by Ned Rozell
May 03, 2005
Daniel Koon, an associate professor of physics at St. Lawrence University in New York, became fascinated by the subject when he first read about it in a physics text book. His interest led him to assemble an Internet site that holds a few dozen newspaper and magazine articles that describe how light can travel the length of a polar bear hair in the same way water flows through a pipe. The theory goes like this: sunlight is captured by each hair, directed to the bear's black skin, and converted there to heat, thereby providing warmth to the polar bear.
Photographer: Captain Budd Christman, NOAA Corps - Photo courtesy NOAA
Koon decided to test if a polar bear's hair could actually conduct light. Koon and a student, Reid Hutchins, got a few hairs from a male polar bear that lives at a zoo in Rochester, New York. Their research revealed that the popular notion was not correct, they found that less than .001 percent of red light and less than a trillionth of the violet light transmitted traveled the length of a typical, inch-long hair. Even less ultraviolet light made it from the tip to the base of the hair.
Koon compared a polar bear hair to a pane of window glass. We can see through a window, but if that same sheet of glass is stacked like plywood and viewed through its edge, the glass appears green. In the same way, a polar bear hair looks transparent when lying on a table, but if you picked it up and tried to see through it lengthwise, as you would look through a telescope, the hair would no longer be transparent.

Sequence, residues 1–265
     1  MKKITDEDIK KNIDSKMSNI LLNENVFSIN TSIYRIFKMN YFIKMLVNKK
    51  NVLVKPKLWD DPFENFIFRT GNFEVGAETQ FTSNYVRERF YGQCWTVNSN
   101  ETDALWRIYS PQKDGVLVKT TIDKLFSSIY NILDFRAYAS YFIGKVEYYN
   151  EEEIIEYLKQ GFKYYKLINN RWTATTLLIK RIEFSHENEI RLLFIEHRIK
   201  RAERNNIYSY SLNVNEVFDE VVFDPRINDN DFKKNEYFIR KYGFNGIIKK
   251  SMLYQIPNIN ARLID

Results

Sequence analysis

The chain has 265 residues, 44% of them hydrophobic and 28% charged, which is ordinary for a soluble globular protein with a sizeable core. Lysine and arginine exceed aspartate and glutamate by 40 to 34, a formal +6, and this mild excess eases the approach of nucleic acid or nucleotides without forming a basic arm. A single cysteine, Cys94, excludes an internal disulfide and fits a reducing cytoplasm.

If a polar bear's skin is not absorbing ultraviolet light, where is the light going? Researchers at Penn State University had long ago suggested that the ultraviolet absorption of polar bears was due to keratin, the protein from which hair is made. Koon agrees that keratin is probably the substance that prevents polar bear hairs from carrying light to the skin. More importantly, he thinks the widespread belief in polar bear hairs as light carriers illustrates a problem in science: people want to believe in the fantastic and the fantastic is often accepted without being tested.
As writer Bertrand Russell pointed out, even Aristotle--the most famous scientist of his day--claimed that women have fewer teeth than men, though it never occurred to him to check Mrs. Aristotle's mouth. The moral of Koon's study is that a little dose of skepticism never hurts.
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